Delta Cephi - the Standard Candle
At the southeast corner of the house-shaped constellation Cepheus the King, there’s an intriguing variable star called Delta Cephei.
With clocklike precison, this rather faint star doubles in brightness, fades to a minimum and then doubles in brightness every 5.36 days.
You can see it change over a period of days. The entire cycle is visible to the eye alone in a dark-enough sky.
This star and others like it have secured a place as important standard candles for establishing the scale of the galaxy and universe.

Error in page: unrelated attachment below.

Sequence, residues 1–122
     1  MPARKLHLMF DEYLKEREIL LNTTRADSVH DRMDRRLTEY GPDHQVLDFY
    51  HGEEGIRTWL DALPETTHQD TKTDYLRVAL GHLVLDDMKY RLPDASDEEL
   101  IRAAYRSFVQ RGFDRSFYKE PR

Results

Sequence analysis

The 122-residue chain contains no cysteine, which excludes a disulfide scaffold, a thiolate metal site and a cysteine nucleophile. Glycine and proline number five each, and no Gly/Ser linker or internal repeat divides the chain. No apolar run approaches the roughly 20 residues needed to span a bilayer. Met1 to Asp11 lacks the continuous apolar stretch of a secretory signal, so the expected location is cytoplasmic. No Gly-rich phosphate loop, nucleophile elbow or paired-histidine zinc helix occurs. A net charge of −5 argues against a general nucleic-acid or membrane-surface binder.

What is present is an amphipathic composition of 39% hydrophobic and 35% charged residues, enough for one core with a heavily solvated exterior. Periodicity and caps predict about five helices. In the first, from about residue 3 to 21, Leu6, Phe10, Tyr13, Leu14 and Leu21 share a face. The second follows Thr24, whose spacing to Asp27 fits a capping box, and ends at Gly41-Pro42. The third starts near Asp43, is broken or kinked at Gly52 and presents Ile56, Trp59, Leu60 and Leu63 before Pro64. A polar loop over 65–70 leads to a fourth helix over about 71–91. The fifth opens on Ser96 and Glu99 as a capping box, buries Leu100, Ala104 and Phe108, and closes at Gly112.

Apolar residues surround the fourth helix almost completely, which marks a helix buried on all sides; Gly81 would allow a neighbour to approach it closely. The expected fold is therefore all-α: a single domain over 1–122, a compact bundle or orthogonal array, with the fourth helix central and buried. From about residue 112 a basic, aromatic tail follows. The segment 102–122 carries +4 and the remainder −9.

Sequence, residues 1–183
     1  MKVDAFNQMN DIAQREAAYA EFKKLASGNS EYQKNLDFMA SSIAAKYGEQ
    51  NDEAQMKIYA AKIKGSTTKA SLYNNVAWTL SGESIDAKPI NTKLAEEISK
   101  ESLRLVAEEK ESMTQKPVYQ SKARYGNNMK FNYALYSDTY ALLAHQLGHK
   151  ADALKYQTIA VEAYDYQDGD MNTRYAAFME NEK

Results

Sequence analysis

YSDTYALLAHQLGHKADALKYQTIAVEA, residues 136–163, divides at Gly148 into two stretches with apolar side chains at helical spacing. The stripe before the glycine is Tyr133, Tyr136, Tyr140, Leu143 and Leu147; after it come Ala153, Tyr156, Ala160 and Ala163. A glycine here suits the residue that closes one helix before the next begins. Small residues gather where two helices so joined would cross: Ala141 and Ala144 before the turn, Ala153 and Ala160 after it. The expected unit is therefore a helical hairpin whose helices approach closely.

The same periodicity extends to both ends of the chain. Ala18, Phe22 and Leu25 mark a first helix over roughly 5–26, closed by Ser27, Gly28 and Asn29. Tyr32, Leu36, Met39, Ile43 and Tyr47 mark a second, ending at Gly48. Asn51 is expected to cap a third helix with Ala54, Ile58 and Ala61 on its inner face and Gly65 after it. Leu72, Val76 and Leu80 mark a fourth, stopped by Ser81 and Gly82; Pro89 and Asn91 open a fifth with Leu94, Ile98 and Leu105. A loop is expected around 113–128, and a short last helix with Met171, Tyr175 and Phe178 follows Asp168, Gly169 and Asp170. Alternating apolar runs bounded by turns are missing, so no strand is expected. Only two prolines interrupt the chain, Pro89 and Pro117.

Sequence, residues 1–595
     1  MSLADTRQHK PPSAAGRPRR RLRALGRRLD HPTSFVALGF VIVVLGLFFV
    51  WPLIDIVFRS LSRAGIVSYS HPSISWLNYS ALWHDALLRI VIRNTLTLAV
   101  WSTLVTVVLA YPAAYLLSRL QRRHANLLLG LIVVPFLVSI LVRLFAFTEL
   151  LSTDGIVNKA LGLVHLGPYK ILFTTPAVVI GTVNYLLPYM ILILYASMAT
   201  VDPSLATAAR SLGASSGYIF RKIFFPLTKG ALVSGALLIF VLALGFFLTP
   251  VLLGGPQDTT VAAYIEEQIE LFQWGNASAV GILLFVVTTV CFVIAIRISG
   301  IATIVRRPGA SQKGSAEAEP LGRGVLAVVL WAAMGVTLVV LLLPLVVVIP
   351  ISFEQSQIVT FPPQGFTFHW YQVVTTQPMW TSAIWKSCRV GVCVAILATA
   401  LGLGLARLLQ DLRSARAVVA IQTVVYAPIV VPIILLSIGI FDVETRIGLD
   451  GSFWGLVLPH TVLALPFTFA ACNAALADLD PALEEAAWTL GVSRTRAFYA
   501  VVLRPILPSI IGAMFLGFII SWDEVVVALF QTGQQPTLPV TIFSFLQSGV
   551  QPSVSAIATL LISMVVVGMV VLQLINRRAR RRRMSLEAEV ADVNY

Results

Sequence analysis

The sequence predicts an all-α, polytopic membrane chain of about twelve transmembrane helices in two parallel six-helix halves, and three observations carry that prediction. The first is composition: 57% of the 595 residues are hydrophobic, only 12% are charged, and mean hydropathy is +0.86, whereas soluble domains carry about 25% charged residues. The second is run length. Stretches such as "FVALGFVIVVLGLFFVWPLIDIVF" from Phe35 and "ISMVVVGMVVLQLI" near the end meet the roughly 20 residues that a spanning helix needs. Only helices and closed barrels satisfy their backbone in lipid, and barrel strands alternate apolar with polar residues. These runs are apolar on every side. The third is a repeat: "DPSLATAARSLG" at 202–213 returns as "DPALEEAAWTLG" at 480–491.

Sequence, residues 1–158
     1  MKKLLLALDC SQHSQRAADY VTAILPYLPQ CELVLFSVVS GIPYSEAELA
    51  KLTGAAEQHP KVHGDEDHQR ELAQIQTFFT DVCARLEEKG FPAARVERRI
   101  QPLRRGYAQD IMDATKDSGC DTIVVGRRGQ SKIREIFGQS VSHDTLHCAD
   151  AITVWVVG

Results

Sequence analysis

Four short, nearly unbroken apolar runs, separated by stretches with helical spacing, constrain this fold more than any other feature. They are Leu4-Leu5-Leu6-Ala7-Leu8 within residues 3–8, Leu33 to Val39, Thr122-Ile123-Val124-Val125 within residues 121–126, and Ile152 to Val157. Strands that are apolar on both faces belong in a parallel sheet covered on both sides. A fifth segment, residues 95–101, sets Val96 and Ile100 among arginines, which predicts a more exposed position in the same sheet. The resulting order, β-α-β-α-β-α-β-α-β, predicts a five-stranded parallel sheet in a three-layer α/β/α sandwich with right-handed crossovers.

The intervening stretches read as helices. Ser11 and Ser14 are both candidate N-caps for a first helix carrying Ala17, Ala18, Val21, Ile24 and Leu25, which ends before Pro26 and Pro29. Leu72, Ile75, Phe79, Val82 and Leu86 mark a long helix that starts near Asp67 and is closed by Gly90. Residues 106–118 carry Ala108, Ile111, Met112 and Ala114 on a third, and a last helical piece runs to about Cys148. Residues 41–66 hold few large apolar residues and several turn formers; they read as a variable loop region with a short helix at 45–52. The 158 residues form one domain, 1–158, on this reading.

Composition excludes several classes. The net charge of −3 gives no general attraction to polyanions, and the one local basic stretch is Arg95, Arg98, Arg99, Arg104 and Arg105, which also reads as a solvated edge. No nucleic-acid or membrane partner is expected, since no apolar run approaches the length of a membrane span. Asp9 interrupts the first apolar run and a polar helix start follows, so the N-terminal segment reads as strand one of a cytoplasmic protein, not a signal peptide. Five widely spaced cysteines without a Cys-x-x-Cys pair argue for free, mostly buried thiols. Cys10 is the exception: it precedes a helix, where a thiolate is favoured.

Facts about Delta Cephei by Keith Turnecliff
This is a well known variable star, but also a striking double. As a double star for binoculars.
Delta Cephei is a pretty, if somewhat challenging, sight.
It is a class of star that serves as an important 'standard candle' indicator of cosmic distances.
Following Delta Cephei's ups and downs can become addictive.
This star chart for represents the view from Long Itchington in mid October at 10pm.
Credits: Image courtesy of Starry Night Pro Plus 8, researched and implemented by Keith Turnecliff.